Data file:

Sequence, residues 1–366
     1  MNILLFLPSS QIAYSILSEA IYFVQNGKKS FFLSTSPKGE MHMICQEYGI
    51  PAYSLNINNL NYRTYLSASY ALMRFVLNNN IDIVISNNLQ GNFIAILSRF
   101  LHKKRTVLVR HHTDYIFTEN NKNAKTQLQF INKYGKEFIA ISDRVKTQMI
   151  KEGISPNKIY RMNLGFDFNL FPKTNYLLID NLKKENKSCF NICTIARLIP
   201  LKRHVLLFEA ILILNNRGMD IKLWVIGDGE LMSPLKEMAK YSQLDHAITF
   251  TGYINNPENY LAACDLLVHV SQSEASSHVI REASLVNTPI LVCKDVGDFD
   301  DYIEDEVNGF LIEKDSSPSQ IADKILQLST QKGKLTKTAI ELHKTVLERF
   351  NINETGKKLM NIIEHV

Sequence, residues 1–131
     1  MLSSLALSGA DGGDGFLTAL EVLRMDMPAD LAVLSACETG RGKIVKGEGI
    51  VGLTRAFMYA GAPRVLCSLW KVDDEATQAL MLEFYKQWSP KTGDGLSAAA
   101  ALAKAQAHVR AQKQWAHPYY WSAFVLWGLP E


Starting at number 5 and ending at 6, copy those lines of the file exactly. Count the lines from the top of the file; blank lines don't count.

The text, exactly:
   151  KEGISPNKIY RMNLGFDFNL FPKTNYLLID NLKKENKSCF NICTIARLIP
   201  LKRHVLLFEA ILILNNRGMD IKLWVIGDGE LMSPLKEMAK YSQLDHAITF